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Try Something Different

I love thinking about behavior change. Specifically, how people get themselves to adopt new attitudes, habits, ways of living. Hell I even taught a Skillshare course to 150 people on the science of willpower and behavior change.

One thing I’ve realized is that it’s actually a lot easier to be shaped by external forces than by your own hand. People can and do change themselves, but it takes patience, sustained effort, and creativity. Continue reading…

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Until You Ship, Communication is the Deliverable

I’m a big fan of the Heath Brothers (Chip and Dan) who co-authored Made to Stick, Switch, and Decisive, each one a fun and highly useable book on an interesting topic: Marketing, Behavior Change, and Decision Making, respectively. They have an email list where they very occasionally share updates on their work, ask questions, and offer up awesome nuggets.

Some time earlier this year they shared a list of seven books that they recommended. These books had to be well-written, provide some kind of useful / practical knowledge, and not be very widely-known – a great combination. Continue reading…

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The Difference Between Having Connections and Having Conversations

When I was in DC working as a Presidential Innovation Fellow, one of our objectives was to drive adoption for President Obama’s Executive Order to make all government information open, freely accessible, and machine-readable as the new default. That EO was backed up by a memo from the Office of Management and Budget known as M-13-13. Broadly this entire initiative was known as the Federal Open Data mandate. Continue reading…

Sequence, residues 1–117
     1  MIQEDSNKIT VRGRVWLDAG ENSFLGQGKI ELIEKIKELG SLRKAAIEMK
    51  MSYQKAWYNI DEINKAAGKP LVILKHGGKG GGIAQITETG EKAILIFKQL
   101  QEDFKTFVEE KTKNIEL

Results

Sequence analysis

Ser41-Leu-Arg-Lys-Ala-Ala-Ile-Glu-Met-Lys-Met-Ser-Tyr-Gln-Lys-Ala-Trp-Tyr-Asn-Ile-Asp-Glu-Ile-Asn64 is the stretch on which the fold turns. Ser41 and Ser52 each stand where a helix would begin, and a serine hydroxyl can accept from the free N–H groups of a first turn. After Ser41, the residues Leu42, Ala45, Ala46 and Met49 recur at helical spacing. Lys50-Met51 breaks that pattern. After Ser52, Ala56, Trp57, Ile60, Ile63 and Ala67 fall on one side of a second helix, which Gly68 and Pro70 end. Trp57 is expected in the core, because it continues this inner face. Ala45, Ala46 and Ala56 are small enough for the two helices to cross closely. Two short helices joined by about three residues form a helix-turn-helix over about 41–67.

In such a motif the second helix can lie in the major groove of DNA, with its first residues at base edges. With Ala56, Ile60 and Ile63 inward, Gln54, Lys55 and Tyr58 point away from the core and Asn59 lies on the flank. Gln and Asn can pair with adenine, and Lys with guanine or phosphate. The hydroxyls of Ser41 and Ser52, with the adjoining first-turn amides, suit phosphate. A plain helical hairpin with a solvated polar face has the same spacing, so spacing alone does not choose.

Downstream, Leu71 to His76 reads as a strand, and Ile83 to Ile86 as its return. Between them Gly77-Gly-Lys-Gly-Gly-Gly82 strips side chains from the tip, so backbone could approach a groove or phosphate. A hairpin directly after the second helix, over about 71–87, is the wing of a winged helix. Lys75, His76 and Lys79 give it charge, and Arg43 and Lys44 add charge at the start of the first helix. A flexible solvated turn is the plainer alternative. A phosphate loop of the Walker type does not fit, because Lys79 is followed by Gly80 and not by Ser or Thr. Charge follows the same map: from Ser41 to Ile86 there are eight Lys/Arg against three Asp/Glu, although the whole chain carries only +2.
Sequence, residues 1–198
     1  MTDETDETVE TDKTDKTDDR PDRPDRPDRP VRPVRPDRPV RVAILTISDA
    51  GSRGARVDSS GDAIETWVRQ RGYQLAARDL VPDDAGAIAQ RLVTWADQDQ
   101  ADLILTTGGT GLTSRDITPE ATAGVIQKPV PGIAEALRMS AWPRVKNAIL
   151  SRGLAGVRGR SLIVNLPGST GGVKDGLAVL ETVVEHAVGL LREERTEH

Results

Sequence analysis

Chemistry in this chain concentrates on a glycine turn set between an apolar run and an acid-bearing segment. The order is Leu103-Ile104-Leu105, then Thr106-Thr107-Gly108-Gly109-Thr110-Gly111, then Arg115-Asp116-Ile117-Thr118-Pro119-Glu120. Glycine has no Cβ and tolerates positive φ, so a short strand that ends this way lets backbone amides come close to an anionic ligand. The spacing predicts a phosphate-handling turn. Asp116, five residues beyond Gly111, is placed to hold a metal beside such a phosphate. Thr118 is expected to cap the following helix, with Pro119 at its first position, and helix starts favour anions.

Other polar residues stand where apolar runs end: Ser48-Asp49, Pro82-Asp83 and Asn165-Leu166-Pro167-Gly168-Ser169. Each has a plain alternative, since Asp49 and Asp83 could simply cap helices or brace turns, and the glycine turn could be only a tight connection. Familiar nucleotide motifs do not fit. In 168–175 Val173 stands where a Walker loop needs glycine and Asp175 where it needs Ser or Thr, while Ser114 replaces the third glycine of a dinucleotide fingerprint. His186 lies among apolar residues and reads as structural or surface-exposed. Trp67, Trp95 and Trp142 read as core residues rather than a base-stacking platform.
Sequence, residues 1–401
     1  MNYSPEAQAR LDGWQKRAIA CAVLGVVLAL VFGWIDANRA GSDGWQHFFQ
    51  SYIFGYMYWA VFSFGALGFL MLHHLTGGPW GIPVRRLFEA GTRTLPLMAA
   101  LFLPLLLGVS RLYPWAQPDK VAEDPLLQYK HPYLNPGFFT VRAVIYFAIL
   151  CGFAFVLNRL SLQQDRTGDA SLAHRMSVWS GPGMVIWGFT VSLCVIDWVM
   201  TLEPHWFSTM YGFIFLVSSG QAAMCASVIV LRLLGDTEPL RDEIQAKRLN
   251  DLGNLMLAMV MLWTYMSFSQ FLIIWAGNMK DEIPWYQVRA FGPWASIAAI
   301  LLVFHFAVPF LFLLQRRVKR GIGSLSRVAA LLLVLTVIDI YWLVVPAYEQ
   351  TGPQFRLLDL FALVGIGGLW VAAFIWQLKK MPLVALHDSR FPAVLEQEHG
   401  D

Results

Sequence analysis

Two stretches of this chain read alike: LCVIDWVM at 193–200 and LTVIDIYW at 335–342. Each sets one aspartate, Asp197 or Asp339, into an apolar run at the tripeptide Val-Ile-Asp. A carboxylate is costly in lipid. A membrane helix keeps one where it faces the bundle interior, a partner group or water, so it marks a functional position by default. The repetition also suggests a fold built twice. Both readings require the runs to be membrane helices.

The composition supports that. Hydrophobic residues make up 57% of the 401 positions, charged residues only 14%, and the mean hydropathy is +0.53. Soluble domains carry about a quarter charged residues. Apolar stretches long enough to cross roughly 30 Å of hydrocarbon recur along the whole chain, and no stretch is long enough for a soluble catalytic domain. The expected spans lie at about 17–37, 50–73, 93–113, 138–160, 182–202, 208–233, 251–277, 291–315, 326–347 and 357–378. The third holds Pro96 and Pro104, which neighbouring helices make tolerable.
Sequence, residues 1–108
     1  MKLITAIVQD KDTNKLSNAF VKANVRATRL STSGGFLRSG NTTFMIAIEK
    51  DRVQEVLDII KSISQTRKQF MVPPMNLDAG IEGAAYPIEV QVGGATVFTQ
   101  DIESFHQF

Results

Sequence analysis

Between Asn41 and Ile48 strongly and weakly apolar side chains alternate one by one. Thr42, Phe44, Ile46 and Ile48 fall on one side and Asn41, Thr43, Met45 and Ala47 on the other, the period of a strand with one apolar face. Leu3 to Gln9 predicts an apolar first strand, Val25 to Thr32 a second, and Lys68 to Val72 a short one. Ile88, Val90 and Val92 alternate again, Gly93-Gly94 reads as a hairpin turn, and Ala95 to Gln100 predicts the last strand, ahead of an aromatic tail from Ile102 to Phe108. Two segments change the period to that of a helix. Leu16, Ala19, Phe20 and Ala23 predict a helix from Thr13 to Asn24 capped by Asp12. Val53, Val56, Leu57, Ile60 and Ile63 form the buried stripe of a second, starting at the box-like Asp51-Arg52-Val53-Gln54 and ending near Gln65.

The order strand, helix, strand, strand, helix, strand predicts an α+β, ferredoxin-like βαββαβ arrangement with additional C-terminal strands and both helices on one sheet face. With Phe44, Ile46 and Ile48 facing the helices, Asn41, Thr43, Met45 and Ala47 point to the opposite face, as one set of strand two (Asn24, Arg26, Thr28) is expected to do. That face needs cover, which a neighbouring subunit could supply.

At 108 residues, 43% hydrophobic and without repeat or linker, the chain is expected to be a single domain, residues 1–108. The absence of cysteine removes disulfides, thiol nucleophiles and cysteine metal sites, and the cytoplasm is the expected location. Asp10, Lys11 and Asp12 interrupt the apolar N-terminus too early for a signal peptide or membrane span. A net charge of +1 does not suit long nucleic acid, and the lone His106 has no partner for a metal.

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“This Book Could Have Been a Long Magazine Article”

A claim leveled against business books sometimes is that the book repeats the same concept over and over again and could have been better served as a long magazine article.

And indeed many books start out as long magazine articles. Hoffman, Yeh, & Casnocha published a 4.5k word article: “Tours of Duty: The New Employer-Employee Contract” in Harvard Business Review in June of 2013. A little over a year later, the 224 page book, The Alliance (my reading notes on that), was published. The article lays out the primary ideas behind the book:

  1. Engage employees on a “tour of duty” basis
  2. Support, and even fund the development of your employee’s networks
  3. Foster alumni networks for former employees

The same thing is true for Amabile & Kramer’s Progress Principle: HBR Article (2011) and Book (2013). So what’s the need for the book then if you can “just” read the magazine article? Heres why:

The goal of a book is not to inform, it is to persuade.

Because a book is longer, you are spending more time thinking about the idea. Because a book is physical (most of the time) you see it on your table, on your shelf. Maybe people ask you about it. As you go through example after example and additional data points around the ideas, you start to notice how those ideas fit into your world and you start imagining how you might implement those ideas in your life.

That’s why book summaries and even magazine articles are good if you want to “get the gist” of it. But the value of an idea is not in knowing it, but in acting on it. Books are more likely to drive action.

[1] Props to Seth Godin because I’m almost positive I got this idea from him somewhere, even though I couldn’t find it while doing research for this article